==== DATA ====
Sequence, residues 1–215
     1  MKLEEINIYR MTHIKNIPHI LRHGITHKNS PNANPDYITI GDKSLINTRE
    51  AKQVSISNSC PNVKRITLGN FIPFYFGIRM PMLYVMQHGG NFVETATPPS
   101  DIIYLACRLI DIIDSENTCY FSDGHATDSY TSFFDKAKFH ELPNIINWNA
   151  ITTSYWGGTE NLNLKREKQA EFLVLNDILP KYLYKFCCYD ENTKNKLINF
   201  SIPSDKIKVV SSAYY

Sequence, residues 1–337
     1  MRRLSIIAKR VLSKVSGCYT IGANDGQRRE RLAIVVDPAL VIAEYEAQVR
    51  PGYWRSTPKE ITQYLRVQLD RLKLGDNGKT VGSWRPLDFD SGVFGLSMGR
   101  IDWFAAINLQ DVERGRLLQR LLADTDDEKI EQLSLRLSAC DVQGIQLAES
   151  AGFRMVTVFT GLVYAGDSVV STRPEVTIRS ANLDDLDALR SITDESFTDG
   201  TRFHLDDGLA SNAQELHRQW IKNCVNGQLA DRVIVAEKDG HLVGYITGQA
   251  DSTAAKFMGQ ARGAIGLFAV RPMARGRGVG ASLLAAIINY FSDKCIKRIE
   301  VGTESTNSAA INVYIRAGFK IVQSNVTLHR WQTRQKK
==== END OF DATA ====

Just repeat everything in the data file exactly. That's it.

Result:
Sequence, residues 1–215
     1  MKLEEINIYR MTHIKNIPHI LRHGITHKNS PNANPDYITI GDKSLINTRE
    51  AKQVSISNSC PNVKRITLGN FIPFYFGIRM PMLYVMQHGG NFVETATPPS
   101  DIIYLACRLI DIIDSENTCY FSDGHATDSY TSFFDKAKFH ELPNIINWNA
   151  ITTSYWGGTE NLNLKREKQA EFLVLNDILP KYLYKFCCYD ENTKNKLINF
   201  SIPSDKIKVV SSAYY

Sequence, residues 1–337
     1  MRRLSIIAKR VLSKVSGCYT IGANDGQRRE RLAIVVDPAL VIAEYEAQVR
    51  PGYWRSTPKE ITQYLRVQLD RLKLGDNGKT VGSWRPLDFD SGVFGLSMGR
   101  IDWFAAINLQ DVERGRLLQR LLADTDDEKI EQLSLRLSAC DVQGIQLAES
   151  AGFRMVTVFT GLVYAGDSVV STRPEVTIRS ANLDDLDALR SITDESFTDG
   201  TRFHLDDGLA SNAQELHRQW IKNCVNGQLA DRVIVAEKDG HLVGYITGQA
   251  DSTAAKFMGQ ARGAIGLFAV RPMARGRGVG ASLLAAIINY FSDKCIKRIE
   301  VGTESTNSAA INVYIRAGFK IVQSNVTLHR WQTRQKK